Sheriff Steve Strachan sent us a statement, saying “Issues were brought to our attention.  We hired an independent investigator, and then a facilitator to conduct a collaborative process to work through some issues in the unit. During that process the claim was filed.   We are still in the process of evaluating the claim.   We transferred the sergeant following the claim.   We are committed to finding the best solution that is fair to everyone involved.  As I have made clear, it is my expectation that we will have a respectful workplace. This is a pending claim and our policy is that we do not try the case in the media. “

    We attempted to contact Sgt. Provenzo but the Sheriff’s Office has advised him not to talk.

  • Sheriff violated county ethics code

    The Seattle Times

    Jennifer Sullivan, Oct. 4, 2012

    King County Sheriff Steve Strachan violated the county’s ethic’s code twice by appearing in uniform during a Republican picnic and in campaign literature, the King County Ombudsman’s Office said Wednesday.

    The Ombudsman’s Office found that Strachan violated the code when his campaign posted a photo of him in uniform on his campaign website and for appearing in uniform at a King County Republican Party picnic in July.

    Strachan, on Wednesday, said “obviously, ethics are very important to me; we want to make sure we are doing this right.”

    Strachan said he was invited to the Republican picnic as the sheriff and that he “didn’t do any campaigning” at the event.

    While the ombudsman’s report found both violations “minor and of minimal or no cost to the county,” the findings were forwarded to the King County Prosecutor’s Office for review, said Jon Stier, senior deputy ombudsman for King County.

    Stier said that it is up to the prosecutor’s office to decide whether “civil and or misdemeanor criminal penalties” are necessary. According to the ombudsman’s report, Strachan can appeal the decision.

    The King County Ombudsman’s Office manages citizen complaints concerning King County government agencies.

    Ian Goodhew, deputy chief of staff at the prosecutor’s office, said, “We have just received the report; we’ll review it.”

    “In situations, like this, we typically refer the matter to the state Public Disclosure Commission (PDC) for investigation and review, as they are the most appropriate agency to handle campaign issues. It’s our understanding the PDC already has the same complaint before them. We will likely defer to them,” Goodhew said.

    Both the complaint to the Ombudsman’s Office and the PDC were made by a Seattle attorney named Alex Wilford.

    Wilford alleges that Strachan “appears to be using taxpayer resources in the course of his political campaign,” according to the PDC complaint. Both complaints allege that Strachan was campaigning in uniform and used his county email to promote his campaign.

    Wilford, in an interview, said he’s interested in political issues and he once interned for Metropolitan King County Councilman Reagan Dunn.

    The PDC complaint remains under investigation.

    Strachan, who was appointed sheriff after Sue Rahr retired earlier this year, is running against John Urquhart in a contentious race. Urquhart is a retired sheriff’s sergeant and longtime media spokesman. Strachan is the former chief of police in Kent and former Minnesota legislator.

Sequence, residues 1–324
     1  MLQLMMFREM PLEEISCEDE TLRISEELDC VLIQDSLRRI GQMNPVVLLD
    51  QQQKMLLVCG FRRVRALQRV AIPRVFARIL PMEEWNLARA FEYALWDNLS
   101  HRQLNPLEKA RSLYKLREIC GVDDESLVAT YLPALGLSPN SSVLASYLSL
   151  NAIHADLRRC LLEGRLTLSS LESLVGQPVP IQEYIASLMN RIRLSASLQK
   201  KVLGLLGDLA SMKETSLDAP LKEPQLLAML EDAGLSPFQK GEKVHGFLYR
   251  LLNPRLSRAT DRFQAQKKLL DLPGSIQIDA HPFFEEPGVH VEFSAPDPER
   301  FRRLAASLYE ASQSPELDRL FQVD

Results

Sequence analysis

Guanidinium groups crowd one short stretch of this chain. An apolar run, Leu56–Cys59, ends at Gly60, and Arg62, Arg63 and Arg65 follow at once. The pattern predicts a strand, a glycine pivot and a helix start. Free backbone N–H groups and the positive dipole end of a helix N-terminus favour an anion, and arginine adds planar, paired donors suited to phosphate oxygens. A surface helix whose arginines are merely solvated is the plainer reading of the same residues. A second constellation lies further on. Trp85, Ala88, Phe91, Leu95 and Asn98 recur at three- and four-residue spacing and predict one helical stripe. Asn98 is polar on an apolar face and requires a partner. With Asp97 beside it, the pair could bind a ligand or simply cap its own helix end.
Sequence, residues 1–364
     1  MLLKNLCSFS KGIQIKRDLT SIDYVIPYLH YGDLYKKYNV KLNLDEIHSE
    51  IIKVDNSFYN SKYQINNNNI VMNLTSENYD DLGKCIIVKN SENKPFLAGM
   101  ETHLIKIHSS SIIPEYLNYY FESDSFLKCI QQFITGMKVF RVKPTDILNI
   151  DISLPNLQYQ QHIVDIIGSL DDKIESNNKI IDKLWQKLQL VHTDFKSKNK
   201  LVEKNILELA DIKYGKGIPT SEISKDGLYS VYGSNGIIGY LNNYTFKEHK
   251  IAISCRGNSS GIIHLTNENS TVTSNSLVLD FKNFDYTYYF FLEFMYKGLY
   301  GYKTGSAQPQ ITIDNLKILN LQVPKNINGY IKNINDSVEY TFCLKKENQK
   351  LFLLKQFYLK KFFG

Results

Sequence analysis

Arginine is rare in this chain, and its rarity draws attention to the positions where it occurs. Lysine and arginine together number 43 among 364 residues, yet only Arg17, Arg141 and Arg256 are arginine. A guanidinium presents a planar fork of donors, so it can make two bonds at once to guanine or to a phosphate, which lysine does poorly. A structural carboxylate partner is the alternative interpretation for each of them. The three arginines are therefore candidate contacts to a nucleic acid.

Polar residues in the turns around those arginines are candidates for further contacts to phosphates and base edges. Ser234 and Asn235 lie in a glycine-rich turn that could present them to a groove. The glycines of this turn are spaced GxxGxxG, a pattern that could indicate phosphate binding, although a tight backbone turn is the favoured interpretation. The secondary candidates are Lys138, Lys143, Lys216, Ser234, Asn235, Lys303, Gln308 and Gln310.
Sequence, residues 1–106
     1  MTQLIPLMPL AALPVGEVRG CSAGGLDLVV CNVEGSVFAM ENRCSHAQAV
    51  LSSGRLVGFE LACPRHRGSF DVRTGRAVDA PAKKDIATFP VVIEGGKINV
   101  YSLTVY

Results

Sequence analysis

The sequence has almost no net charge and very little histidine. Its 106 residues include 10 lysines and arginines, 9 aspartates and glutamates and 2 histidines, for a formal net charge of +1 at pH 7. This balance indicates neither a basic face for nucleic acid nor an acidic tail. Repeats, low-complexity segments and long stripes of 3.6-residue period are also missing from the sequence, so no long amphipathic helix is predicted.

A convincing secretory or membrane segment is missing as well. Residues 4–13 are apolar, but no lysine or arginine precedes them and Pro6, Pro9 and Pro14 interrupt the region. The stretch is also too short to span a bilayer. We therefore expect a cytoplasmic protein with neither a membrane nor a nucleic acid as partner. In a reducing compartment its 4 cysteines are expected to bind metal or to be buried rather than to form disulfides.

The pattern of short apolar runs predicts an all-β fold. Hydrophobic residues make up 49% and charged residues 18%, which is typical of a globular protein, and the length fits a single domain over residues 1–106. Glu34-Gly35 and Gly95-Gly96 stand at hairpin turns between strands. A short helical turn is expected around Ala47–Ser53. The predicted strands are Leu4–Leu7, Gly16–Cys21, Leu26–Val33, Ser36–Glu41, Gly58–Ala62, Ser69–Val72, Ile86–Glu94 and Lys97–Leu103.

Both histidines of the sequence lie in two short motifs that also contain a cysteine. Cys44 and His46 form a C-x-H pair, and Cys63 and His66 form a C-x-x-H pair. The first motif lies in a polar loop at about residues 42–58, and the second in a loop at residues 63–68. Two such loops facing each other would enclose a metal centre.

Urquhart, on Wednesday, said in an email that “as police officers, we are held to a high standard and it’s always disappointing when that standard is not met.

    “This is yet another embarrassment for the sheriff’s office from a man who has run for office twice before, and knows better,” Urquhart said.

    Jennifer Sullivan: 206-464-8294 or jensullivan@seattletimes.com. On Twitter @SeattleSullivan.

  • Sheriff candidate Urquhart says former Spokane chief would be his second in charge

    The Seattle Times

    Jennifer Sullivan, October 2, 2012

    King County sheriff’s candidate John Urquhart announced Tuesday morning that if he wins the race he will appoint former Spokane Police Chief Anne Kirkpatrick as his chief deputy.

    Urquhart, 64, who retired as a sergeant a year ago after 23 years at the Sheriff’s Office, is running against current Sheriff Steve Strachan.

    Urquhart, formerly the sheriff’s office media spokesman, said in a news release that he picked Kirkpatrick for his second in charge, because of her decades of law enforcement experience – as chief of Ellensburg, Federal Way and Spokane – and because she’s focused on police reform issues. He said that Kirkpatrick has experience working with the Department of Justice when the agency investigated Spokane police.

    During an interview with The Times on Monday, Urquhart said that he had heard that the Department of Justice plans to investigate the King County Sheriff’s Office for the way it investigates use-of-force complaints against deputies.

    “Anne Kirkpatrick has the experience and credentials every city in the country looks for in its police chief,” Urquhart wrote in a news release.

    Kirkpatrick retired from the Spokane department earlier this year and moved back to Seattle, where she has long maintained a home. In 2010, she was a semi-finalist in the selection for Seattle’s new chief of police.

  • Judge: King County Withheld Emails on Deputy’s Use of Force

    By Christine Clarridge/Seattle Times Staff Reporter

    September 14, 2012